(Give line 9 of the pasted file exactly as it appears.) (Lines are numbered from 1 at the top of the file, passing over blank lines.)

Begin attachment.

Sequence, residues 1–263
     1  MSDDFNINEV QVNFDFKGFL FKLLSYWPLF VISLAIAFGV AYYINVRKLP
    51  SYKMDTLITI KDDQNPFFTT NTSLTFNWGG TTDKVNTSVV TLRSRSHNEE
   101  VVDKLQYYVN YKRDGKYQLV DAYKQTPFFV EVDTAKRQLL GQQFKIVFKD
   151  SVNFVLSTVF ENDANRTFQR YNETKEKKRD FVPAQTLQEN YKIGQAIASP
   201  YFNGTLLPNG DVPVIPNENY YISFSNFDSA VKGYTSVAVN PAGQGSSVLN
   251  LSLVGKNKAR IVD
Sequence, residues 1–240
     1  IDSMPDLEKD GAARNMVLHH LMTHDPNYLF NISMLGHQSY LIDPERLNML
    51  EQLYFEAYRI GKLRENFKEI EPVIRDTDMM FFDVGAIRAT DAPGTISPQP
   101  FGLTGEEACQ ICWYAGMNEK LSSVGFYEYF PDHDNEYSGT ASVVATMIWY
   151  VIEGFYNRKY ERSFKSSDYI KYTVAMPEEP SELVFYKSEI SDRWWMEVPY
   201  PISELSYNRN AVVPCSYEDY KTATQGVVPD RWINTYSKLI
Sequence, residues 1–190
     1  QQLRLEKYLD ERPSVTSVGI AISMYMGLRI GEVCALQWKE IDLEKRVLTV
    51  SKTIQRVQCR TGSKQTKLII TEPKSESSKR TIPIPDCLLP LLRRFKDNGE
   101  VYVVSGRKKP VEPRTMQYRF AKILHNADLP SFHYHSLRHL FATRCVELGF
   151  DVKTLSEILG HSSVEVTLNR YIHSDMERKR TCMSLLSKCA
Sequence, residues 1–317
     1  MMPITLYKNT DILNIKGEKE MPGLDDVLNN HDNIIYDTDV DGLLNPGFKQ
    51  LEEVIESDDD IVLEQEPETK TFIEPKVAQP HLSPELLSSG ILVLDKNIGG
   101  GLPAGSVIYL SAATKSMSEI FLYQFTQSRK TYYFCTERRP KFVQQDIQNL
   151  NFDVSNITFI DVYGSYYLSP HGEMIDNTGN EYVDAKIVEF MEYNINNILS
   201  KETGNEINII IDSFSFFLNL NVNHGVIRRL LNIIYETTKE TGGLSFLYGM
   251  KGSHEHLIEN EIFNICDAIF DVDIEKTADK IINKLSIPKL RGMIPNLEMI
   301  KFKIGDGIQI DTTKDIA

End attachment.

     1  IDSMPDLEKD GAARNMVLHH LMTHDPNYLF NISMLGHQSY LIDPERLNML